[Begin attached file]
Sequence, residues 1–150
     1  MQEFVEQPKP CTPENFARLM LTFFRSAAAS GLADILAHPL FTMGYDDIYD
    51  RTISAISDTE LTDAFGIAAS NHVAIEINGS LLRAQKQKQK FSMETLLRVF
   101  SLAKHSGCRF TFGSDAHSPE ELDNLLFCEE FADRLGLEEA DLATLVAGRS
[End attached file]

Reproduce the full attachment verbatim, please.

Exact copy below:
Sequence, residues 1–150
     1  MQEFVEQPKP CTPENFARLM LTFFRSAAAS GLADILAHPL FTMGYDDIYD
    51  RTISAISDTE LTDAFGIAAS NHVAIEINGS LLRAQKQKQK FSMETLLRVF
   101  SLAKHSGCRF TFGSDAHSPE ELDNLLFCEE FADRLGLEEA DLATLVAGRS